In the second place verses 9-10 record praise for redemption wrought by the Lamb, but they also speak of what Christ has “made them” to be in the future kingdom on earth. Therefore these kingdom blessings are tied to the redemption mediated by Christ along with the blessing of salvation. This brings up two further considerations. In the first place we must recall that the blood of Christ is New Covenant blood. So we must repeat emphatically: all redeemed sinners are saved by New covenant blood! Secondly, the mediation we have spoken of relates to His priestly office.
It is clear enough that the priestly office of Christ was inaugurated at the Cross (Heb.9:11-12) and continues with His intercessory work on behalf of the saints (Heb.4:14-16; 7:25). But Messiah is a king-priest (cf. Zech. 6:12-13), just as His precursor (Heb.7:1). The two functions can be seen in Psalm 110:1 and 4. It is very important to pay attention to the occasion when these two roles will be assumed. The NT makes it quite clear that Jesus is now functioning as our High Priest.
But Isaiah 49:8 says,
Thus says the LORD, “In a favorable time I have answered You, And in a day of salvation I have helped You; And I will keep You and give You for a covenant of the people, To restore the land, to make them inherit the desolate heritages – Isaiah 49:8
This is a New Covenant passage. But notice how Christ’s covenant function includes restoration of the land. As He is, like Melchizedek, a Priest-King who combines both roles, we must ask whether the two functions are coterminous. Read more »
SERIES: Christ at the Center: The Fulcrum of Biblical Covenantalism –
A Summary of the One People in Three Concept
A triad is a group of three. As used by theologians like John Frame it refers to the three-in-oneness of an entity. In Appendix A of his The Doctrine of God, Frame lists many examples, some of the most obvious being:
1. Length, width, height
2. Beginning, middle, end
3. I, you, he
4. Faith, hope, love
5. The world, the flesh and the devil
6. Thought, word, deed
7. Liquid, solid, gas
8. Past, present, future
9. Husband, wife, child
10. Melody, harmony, rhythm
Some of the more interesting ones have to do with Speech-Acts: locution, illocution, perlocution; Ethical perspectives: teleological deontological, existential; and Divine disclosure: revelation, inspiration, illumination. Frame himself has become known for his triad of “Lordship Attributes”: Control, authority and presence; as well as his viewing of things from situational, normative, and existential perspectives. These are all Three-in-one and One-in-three. They reflect the world as it is in both its material and immaterial aspects. All I am calling attention to in this section of the series highlighting the central place of Jesus Christ in Scripture is that it should not seem surprising to anyone that those made in His image would compose a triad of peoples.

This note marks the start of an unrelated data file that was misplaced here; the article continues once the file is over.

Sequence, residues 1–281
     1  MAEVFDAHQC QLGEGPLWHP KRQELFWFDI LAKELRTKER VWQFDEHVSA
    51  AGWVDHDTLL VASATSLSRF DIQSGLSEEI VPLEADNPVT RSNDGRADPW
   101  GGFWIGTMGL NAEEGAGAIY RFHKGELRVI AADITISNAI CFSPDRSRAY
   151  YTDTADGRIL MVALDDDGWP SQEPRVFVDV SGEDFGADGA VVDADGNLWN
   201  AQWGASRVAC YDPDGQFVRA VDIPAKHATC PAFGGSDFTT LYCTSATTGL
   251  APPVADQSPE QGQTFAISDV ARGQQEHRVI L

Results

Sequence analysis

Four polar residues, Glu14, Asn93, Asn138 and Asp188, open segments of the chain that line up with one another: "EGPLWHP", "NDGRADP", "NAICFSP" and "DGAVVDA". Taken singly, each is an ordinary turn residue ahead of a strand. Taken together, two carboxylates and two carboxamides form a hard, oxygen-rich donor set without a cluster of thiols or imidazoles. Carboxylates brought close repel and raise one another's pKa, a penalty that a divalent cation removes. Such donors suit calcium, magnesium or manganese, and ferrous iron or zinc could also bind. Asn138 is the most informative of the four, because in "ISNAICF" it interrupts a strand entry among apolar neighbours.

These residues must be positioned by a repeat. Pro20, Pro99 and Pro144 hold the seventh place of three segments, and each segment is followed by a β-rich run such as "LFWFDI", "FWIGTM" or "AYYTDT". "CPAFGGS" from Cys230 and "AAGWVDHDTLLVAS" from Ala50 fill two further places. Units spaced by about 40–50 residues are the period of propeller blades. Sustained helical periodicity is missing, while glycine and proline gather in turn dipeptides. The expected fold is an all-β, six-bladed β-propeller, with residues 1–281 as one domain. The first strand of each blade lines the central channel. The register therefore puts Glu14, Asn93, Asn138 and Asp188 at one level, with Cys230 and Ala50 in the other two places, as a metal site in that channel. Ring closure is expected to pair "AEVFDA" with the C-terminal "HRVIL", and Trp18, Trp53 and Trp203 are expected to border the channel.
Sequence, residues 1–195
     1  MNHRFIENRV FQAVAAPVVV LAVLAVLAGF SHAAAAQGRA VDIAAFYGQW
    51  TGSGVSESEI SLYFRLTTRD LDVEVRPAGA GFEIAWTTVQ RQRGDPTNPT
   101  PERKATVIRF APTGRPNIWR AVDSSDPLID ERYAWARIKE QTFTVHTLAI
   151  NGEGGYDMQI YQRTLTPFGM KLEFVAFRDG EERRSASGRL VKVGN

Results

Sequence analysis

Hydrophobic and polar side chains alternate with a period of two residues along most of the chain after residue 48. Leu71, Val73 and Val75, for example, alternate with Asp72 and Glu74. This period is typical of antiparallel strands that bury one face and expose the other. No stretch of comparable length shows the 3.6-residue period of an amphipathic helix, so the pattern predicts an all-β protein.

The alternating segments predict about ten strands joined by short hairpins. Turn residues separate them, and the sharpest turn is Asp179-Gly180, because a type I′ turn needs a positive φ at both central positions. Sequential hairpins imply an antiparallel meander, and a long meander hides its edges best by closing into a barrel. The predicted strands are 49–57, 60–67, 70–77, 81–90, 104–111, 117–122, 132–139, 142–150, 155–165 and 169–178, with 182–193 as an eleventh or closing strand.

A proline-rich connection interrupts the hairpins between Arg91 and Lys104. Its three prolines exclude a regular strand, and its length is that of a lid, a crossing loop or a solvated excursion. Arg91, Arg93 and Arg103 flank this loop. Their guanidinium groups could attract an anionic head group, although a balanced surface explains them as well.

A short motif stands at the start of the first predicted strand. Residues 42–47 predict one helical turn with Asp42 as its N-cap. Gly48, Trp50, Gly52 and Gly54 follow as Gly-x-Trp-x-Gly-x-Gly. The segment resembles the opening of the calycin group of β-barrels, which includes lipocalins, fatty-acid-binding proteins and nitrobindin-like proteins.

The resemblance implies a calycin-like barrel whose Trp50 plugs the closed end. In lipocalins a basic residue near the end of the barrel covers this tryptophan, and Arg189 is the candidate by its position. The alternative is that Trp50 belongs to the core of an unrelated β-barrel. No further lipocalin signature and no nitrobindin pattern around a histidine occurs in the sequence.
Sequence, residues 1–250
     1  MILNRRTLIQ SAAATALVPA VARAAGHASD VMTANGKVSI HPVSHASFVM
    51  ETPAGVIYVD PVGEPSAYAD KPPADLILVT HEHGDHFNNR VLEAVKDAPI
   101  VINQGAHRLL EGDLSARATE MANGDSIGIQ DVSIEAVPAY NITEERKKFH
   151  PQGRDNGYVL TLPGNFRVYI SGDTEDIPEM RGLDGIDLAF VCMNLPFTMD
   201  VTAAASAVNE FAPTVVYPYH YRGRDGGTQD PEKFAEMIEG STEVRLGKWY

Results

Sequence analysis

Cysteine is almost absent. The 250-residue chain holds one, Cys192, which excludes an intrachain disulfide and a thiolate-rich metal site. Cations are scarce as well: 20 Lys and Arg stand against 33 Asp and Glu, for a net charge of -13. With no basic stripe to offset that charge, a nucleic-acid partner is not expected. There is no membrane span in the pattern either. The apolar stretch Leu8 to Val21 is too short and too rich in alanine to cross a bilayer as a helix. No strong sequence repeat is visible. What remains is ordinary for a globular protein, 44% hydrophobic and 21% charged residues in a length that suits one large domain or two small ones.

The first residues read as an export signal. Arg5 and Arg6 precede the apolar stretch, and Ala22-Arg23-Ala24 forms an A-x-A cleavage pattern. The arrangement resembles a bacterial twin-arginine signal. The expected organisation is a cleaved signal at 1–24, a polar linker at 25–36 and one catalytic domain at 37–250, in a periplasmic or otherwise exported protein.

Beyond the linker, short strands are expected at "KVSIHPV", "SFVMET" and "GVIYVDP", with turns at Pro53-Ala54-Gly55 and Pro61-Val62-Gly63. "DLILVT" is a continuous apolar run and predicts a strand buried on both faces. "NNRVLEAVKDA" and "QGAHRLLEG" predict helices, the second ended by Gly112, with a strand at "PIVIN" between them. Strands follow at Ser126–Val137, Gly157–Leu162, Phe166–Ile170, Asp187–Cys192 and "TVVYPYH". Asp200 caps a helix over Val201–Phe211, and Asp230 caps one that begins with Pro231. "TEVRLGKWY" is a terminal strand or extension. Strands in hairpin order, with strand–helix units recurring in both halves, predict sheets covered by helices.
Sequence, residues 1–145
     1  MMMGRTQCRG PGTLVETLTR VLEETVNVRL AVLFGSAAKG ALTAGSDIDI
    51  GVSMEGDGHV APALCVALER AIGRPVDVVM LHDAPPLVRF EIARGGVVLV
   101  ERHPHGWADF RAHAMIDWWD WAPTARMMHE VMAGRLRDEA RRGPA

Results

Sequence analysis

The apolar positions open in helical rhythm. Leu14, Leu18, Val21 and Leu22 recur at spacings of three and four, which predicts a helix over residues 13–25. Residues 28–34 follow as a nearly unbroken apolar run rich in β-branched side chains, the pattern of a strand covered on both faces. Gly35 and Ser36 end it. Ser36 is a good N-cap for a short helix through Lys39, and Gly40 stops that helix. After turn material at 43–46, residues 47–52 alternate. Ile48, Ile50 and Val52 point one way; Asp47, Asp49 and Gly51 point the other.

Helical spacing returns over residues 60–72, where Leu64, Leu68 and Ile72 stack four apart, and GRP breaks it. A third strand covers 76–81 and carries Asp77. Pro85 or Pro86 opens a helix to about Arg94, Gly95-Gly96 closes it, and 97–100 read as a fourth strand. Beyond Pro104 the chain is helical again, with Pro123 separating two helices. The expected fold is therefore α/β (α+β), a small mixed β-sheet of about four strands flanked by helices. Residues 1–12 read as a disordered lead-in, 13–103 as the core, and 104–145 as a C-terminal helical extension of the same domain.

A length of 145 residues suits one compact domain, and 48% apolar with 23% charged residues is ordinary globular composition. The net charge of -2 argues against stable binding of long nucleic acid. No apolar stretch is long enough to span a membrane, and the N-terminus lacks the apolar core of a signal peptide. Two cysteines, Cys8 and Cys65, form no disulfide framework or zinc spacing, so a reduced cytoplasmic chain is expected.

I have explained that the Father’s particular connection with Israel and the Son’s particular relation to the Church is set forth quite plainly in the Bible. I can find no similar teaching concerning the relation of the Nations to the Holy Spirit, but since in the age to come “the earth will be full of the knowledge of the LORD As the waters cover the sea” (Isa 11:9), it is feasible at least that a special Spirit – Nations relationship will be revealed in the future. If not, the silence cannot be used as an argument against the Father – Israel relation (Isa. 54:5), or the Christ – Church relation (Eph. 5:25, 29).
Saying all this does not mean that the Father does not bear a loving relationship with the Church, nor that the Son does not bear a loving communion with Israel. We are not forced by any of this to regard the Divine affections as split between competing parties. The Trinity loves and blesses all His elect. The unique relations which at least two of the Divine Persons have toward Israel and the Church respectively should perhaps be seen as expressions of the unique attributes of each hypostasis: paternity, sonship, procession in an extra-trinitarian movement.
The covenantal relation of both groups to Christ is a fundamental fact of salvation and hope. Christ is “set forth” by the Father and the Spirit to bring humanity to the Godhead, and I am suggesting that this will be done with Israel, the Church, and the gathered Nations enjoying special (though not exclusive) relationships with Father, Son and Holy Spirit respectively.
Be that as it may, let us not miss the main point. The Bible reveals that three people-groups from human history will be present in the eschaton. This is assured by the covenants which God has made and shall make with these parties; covenants which He has placed Himself under obligation to fulfill. And God will certainly fulfill His own covenant word in accordance with His truthful and unchanging character. The means by which this three-in-one scheme will be achieved is through the Lord Jesus Christ, who is Israel’s Messiah, the Church’s Head, and the Nations’ Light (another triad).
SERIES: Christ at the Center: The Fulcrum of Biblical Covenantalism –
Let me start Part 5c by repeating my main thesis:
My main thesis is that Christ will perform all this restorative and promissory work by the New Covenant, which in Him (Isa. 49:8) provides the requisite cleansing unto righteousness that obligates God to fulfill His covenants. This Christ-centered approach is what I call “Biblical Covenantalism.”
I have gotten as far as showing that there is a solid case, given the promises of God vouchsafed to the nation Israel (especially in the OT), and to the Church (exclusively in the NT), together with the separate “betrothals” of Israel to God the Father (e.g. Isa. 54:5), and the Church to the Lord Jesus (Eph. 5:31), to distinguish between them in the eschaton. I see no reason to paper over these distinctions for the sake of some forced union. The passages I have called attention to are as authoritative as anything else in the Word of God and must not be ignored simply because they make people uncomfortable. Attempting to force together biblical texts which point to a plurality of redeemed people-groups and make them refer to one group for the sake of perceived theological tidiness always results in the debasement of “uncooperative” texts. Either this or else a plain avoidance of them. As David Allen wrote recently, “There is a difference between union and unity. Two cats with their tails tied together have union. They sure don’t have unity!” I believe Christ brings covenantal unity but in plurality.